Fire Danger at High Level

By: Chris Whited Email
By: Chris Whited Email

Drought conditions continue to worsen in east Mississippi and west Alabama. The area is nearly 18 inches below normal rainfall.

As the rain deficit grows, so does the report of forest and grass fires.

"The drought situation and our rain deficit, our wildfire danger is growing, increasing every day," said Ed Brown of the Mississippi Forestry Commission. "The woods are getting drier. In July, we had the scattered thunderstorms and had no fire responses. I know here in our district it was good as it gave our firefighters a break. In August, we are starting to increase."

Brown said, just in the month of August, there have been fifty wildfires suppressed in Mississippi and nearly 640 acres burned. He says a fire near Montrose in Jasper County last week destroyed over 80 acres.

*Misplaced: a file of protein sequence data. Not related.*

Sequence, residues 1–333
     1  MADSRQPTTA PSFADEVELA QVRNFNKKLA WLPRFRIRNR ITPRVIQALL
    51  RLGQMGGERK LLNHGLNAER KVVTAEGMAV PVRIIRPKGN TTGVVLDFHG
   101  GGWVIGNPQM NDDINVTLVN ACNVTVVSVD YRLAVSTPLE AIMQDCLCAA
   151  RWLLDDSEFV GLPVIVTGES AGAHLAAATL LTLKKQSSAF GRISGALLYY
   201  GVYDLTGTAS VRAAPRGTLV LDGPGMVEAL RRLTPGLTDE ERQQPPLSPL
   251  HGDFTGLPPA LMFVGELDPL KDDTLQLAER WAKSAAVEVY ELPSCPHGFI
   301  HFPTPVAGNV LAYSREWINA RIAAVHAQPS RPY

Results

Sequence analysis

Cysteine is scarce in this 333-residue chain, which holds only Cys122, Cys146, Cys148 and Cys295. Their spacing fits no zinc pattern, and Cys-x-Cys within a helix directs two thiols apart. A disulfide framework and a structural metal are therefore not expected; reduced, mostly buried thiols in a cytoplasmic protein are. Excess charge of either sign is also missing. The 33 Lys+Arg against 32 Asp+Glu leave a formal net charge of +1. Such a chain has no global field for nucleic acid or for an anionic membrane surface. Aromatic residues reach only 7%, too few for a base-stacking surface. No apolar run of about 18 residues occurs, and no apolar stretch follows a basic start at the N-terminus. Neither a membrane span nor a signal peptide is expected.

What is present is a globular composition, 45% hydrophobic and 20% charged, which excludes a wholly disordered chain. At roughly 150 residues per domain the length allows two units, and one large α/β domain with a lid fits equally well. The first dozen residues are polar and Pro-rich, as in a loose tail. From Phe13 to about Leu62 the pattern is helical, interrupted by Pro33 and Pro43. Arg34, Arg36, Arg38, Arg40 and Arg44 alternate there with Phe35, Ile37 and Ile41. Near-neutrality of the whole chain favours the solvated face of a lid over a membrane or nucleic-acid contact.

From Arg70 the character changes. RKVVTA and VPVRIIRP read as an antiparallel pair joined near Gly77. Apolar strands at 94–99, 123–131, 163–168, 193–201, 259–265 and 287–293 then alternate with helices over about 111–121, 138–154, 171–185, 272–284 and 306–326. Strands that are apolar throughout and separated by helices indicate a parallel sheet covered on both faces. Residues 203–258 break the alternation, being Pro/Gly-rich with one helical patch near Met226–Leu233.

"That's probably the biggest wildfire we've had since July, that started our new calendar year," Brown said. "We had an 80 acre wildfire that go out. It was a landowner doing some site prep burning getting ready to plant some trees. That just shows you how dry the forest is as the fuel moistures are down low."

The fire threat is worse in Alabama where 227 fires have been reported just in August. They burned over 3,000 acres.

Fifty-nine of Alabama's 67 counties are under a no burn order. Southwest Alabama remains under a fire alert.

Meridian reinstated its burn ban earlier this week. Thursday, Lauderdale County officials recommended another burn ban. Supervisors will decide at their next meeting on Monday.


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